U.S. Treasury Secretary Janet Yellen landed in Beijing July 7 on a four-day trip aimed at finding common ground for a mutually beneficial economic relationship between the world’s two largest economies.
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Treasury Secretary Janet Yellen landed in Beijing Thursday on a four-day trip aimed at finding common ground as rivalry between the U.S. and China becomes increasingly adversarial.
Yellen’s trip marks a deepening thaw in ties between the U.S. and China and comes weeks after Secretary of State Antony Blinken’s visit to Beijing in last month, which was the first high-level meeting between the two countries after months of tensions.
“The two sides are basically talking, trying to find the strategic space for both sides to operate, and this will be very good for the rest of the world,” Andrew Sheng, a distinguished fellow at the University of Hong Kong’s Asia Global Institute, told CNBC Thursday.
Yellen’s trip comes just days after China abruptly imposed export curbs on chipmaking metals and its compounds, escalating Beijing’s technological war with the U.S. and Europe.
Before departing for China, Yellen had a “frank and productive discussion” with Xie Feng, the Chinese U.S. ambassador, according to the U.S. Treasury.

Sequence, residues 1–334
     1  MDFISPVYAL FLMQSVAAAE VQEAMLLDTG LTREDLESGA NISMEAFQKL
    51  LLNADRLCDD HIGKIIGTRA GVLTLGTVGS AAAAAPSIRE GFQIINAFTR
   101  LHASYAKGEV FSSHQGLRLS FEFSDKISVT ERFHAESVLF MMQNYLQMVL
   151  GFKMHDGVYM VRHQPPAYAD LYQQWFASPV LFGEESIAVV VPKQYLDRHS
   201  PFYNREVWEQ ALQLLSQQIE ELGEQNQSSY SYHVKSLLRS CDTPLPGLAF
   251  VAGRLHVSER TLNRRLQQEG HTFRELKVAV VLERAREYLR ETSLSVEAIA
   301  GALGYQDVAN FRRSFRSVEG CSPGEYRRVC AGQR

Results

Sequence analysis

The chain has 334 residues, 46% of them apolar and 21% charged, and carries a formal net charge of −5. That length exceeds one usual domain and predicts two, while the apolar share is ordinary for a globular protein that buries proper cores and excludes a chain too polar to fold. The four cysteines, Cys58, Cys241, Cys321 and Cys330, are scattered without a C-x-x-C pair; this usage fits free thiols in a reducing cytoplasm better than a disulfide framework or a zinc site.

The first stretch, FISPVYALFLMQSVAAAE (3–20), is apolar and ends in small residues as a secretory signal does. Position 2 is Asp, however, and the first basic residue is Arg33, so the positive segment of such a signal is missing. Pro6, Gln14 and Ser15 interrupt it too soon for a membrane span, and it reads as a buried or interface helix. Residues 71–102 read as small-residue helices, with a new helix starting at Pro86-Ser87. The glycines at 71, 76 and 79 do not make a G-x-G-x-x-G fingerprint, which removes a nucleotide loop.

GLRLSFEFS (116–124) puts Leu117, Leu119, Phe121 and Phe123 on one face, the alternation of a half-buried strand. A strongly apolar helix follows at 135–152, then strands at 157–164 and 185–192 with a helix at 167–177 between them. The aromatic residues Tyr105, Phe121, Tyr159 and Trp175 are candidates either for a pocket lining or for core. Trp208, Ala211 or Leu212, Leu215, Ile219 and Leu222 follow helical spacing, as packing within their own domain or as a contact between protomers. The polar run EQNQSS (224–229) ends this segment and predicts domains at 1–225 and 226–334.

“While in Beijing, Secretary Yellen will discuss with [People’s Republic of China] officials the importance for our countries — as the world’s two largest economies — to responsibly manage our relationship, communicate directly about areas of concern, and work together to address global challenges,” the Treasury Department said Sunday.
In an April speech, Yellen stressed the importance of fairness in the U.S. economic competition with China.
She outlined three economic priorities for the U.S.-China relationship: securing national security interests and protecting human rights, fostering mutually beneficial growth and cooperating on global challenges like climate change and debt distress.
A senior administration official told reporters Sunday that Yellen’s visit will underscore these objectives.
“We do not seek to decouple our economies,” the official said. “A full cessation of trade and investment would be destabilizing for both of our countries and the global economy.”
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